05 October 2013

Considering the energy demands of mobile connectivity

In the center of the image on the far wall is a mobile phone charging station in Boston's South Station during the afternoon rush hour. Photo by author, August 2013.

What is the role of electrical energy and batteries in enabling mobile communication? How might we develop a practically-minded, spatial grammar through which we could describe the material/electrical/digital relationships between energy, mobile communication and digital connectivity, social exchange, and personal mobility? Beginning a year or so from now then continuing in the summer of 2015, I will be an international visiting fellow of the DEMAND Centre at Lancaster University in the United Kingdom. To quote from their website, DEMAND--Dynamics of Energy, Mobility, and Demand--"takes a distinctive approach to end use energy demand, recognising that energy is not used for its own sake but as part of accomplishing social practices at home, at work and in moving around. In essence the Centre focuses on what energy is for." The Centre takes the dynamic, interconnectedness of practices of mobility of bodies, goods, and information, and the energy consumption needs that are inherent in providing these services, as an entry point to understanding what energy is used for and why those uses are considered valuable.
A close-up of the charging station in Boston's South Station. The description on the screen states: "Battery low? Charge up here. Charges faster than a wall charge." There is a credit card swipe and what looks like six plugs for the most common mobile phones. The service provider, Go Charge (motto: "Never miss a moment"), seems to be capitalizing on users running out of battery and not having a charging cable and plug with them. When unbroken connection to social media, etc. is deemed essentially mandatory, the underlying systems necessitate not just providing pervasive connectivity--through cellular infrastructures and the like--but also having energy in the battery that powers the mobile computing device. Photo by author, August 2013.

Tying to my longstanding interest in the spatial ramifications of the Internet and mobile communication, my project will examine how electrical energy is used to provide individuals with these services. What is the role of charging and batteries in powering these Internet-enabled computing devices--smartphones primarily--that connect users to the global telecommunication systems that in turn mediate a significant portion of everyday social exchange? The central issue motivating this project is: how do individuals negotiate keeping their communicative, computing devices charged and how is this impacting the landscapes of everyday mobility such as train stations and airports, railroad cars and airplanes? How are buildings and transit systems adjusting to the increasing demand for power and electrical outlets to charge personal computing devices, and, in turn, is the need for charging areas impacting considerations of the design and layout of these transit nodes? These empirical questions lead to more theoretical considerations about the materiality of energy in the form of batteries, the high-design of devices--such as an Apple iPhone--versus the utilitarian intent of the charging plugs, cables, and wall sockets, and even to the sociology of standards that are latent in all these considerations. 
For this project I will document the informal, everyday practice of charging and recharging devices by conducting an visually-motivated ethnography of the role of electricity and batteries, and the process of charging electricity into batteries, that enables mobile communication. I will develop a conceptual framework to then approach a socio-spatial understanding of the everyday practice around the--most likely--multiple intersections of charging, batteries, mobile communication, and general, personal mobility in and around Lancaster and connecting to London and the United Kingdom at large.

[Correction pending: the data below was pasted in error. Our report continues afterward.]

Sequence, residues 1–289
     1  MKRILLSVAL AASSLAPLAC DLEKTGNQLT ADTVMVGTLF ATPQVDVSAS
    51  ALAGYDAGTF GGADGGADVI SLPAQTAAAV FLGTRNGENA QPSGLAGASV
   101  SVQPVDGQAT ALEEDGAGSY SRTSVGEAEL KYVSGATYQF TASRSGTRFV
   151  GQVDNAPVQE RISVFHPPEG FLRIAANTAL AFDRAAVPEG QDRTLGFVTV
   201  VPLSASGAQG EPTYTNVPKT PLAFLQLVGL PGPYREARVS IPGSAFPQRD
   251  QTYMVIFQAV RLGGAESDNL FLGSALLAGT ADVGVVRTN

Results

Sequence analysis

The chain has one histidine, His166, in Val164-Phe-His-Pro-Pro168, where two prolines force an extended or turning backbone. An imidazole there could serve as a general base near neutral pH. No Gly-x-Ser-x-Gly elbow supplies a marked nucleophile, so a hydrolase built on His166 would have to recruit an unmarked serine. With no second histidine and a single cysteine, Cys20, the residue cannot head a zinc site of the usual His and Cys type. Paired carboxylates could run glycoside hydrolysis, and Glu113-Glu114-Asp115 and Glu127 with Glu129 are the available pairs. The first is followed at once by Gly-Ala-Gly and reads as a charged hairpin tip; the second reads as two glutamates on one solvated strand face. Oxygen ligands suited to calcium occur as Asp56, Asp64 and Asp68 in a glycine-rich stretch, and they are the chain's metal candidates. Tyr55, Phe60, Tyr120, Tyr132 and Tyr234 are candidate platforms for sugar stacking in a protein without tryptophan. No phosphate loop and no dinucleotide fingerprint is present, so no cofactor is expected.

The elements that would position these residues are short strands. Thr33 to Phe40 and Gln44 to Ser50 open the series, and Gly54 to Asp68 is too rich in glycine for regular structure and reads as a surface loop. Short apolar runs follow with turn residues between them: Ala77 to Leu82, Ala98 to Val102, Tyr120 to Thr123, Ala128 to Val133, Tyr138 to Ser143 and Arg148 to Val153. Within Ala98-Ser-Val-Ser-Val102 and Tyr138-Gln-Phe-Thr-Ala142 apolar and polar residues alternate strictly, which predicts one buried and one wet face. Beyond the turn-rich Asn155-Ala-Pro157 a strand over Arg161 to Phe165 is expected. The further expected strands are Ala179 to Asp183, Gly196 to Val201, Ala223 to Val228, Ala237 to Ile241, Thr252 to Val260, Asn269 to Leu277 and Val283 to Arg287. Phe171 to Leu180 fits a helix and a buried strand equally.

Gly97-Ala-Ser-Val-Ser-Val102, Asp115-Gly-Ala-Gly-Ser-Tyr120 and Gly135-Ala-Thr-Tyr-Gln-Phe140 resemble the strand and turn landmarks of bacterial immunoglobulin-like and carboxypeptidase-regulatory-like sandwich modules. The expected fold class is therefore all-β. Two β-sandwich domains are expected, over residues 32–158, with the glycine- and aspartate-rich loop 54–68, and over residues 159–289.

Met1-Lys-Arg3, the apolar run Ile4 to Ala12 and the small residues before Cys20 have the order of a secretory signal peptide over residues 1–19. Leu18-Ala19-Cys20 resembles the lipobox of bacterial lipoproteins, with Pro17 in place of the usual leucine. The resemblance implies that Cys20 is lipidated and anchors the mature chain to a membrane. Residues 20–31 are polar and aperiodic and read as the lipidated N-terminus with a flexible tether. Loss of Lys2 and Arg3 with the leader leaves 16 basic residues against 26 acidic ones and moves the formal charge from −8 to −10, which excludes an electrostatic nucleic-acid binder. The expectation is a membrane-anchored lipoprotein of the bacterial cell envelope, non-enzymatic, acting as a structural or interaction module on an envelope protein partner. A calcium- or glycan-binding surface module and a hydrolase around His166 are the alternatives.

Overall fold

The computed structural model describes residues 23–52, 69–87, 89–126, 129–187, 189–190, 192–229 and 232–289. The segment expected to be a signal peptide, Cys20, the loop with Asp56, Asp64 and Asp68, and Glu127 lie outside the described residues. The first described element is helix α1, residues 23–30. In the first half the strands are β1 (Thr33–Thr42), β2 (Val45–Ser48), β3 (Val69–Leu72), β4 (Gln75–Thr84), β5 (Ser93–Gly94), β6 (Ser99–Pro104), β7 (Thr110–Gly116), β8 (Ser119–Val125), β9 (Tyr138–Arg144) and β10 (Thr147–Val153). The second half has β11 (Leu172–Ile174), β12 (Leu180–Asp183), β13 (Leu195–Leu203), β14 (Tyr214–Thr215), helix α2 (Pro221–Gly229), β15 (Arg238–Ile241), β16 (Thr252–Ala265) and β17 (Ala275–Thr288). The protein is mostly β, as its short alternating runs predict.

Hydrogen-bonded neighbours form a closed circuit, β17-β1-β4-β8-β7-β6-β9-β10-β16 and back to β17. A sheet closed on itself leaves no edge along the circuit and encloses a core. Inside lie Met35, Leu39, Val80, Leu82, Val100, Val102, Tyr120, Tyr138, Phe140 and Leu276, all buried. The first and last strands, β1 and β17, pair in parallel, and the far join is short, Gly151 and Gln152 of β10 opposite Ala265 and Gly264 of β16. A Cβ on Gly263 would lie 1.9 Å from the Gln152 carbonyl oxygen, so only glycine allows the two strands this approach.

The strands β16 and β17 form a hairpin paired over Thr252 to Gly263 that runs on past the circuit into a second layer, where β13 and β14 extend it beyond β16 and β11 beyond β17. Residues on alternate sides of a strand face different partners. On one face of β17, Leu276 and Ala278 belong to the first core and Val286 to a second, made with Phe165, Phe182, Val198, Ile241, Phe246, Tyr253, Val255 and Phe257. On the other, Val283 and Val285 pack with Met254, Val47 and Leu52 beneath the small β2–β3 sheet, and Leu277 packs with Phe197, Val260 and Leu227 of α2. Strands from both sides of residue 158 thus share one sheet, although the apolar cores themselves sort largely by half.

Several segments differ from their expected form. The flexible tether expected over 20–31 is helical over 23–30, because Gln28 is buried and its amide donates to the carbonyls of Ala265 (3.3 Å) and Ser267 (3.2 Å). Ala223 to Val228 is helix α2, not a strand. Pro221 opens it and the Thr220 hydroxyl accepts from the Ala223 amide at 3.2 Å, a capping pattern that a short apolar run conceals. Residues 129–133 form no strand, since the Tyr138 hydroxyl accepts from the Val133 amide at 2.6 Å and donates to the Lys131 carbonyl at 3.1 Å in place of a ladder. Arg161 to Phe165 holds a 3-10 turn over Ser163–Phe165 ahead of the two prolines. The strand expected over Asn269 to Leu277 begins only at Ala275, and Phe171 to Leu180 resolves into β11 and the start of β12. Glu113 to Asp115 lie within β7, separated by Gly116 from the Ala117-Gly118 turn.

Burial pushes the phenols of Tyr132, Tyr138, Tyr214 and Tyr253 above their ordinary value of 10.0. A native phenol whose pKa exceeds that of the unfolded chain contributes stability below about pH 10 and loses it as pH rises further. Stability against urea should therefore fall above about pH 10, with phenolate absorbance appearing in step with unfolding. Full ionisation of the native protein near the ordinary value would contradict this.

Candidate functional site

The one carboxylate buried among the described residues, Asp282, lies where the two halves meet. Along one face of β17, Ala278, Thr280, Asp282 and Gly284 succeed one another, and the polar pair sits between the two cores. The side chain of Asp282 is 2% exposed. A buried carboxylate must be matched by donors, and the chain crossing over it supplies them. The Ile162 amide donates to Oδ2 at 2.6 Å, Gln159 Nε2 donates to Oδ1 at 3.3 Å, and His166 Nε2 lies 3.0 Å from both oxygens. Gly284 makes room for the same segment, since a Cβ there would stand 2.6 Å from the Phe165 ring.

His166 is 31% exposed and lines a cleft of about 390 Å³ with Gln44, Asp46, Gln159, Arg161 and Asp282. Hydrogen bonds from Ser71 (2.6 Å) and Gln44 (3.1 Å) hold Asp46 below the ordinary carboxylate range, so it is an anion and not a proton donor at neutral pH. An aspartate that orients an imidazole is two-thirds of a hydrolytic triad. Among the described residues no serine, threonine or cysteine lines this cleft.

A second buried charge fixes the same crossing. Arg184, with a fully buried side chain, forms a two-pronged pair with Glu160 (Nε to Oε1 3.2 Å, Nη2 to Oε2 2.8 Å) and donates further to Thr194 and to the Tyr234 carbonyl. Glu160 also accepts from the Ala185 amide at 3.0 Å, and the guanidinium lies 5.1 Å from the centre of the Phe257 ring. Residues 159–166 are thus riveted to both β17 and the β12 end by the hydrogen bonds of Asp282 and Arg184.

Seat-based power outlets in Boston's Logan International Airport, with signage for the service both on the chair-backs and on the adjacent wall, stating "power up". Negotiating a flight today necessitates topping up a laptop or smartphone's battery so work or entertainment can continue until arrival at an intermediary airport or the end-destination itself. What is interesting from an electricity perspective is that power generation and delivery is regional whereas the inter-connectivity of the Internet and global telecommunication systems is--by their very nature--not regionally bound. In many ways the overarching story of digital communication is not about bits and bytes transmitted over distance but of the pulses of light--energy--contained within fiber optic cabling that move about, becoming a text message or an email or a video of a cat.

Preliminary fieldwork in train stations in the North-East United States and airports throughout the US as well as Heathrow indicates that with the exponential increase in the use of personal, mobile computing devices, the need to power and recharge these devices is constantly growing. While individually, these smartphones do not draw much energy, how extensive is the overall demand for electricity to power these digital things? Is this demand considered by planners of current and future transit operations? 

For now I have more questions to guide the research than findings to report. I have started a photo-set on Flickr of charging stations and charging practices in train stations and airports as a way to collect some preliminary fieldwork-documentation of this topic. The set can be viewed here.

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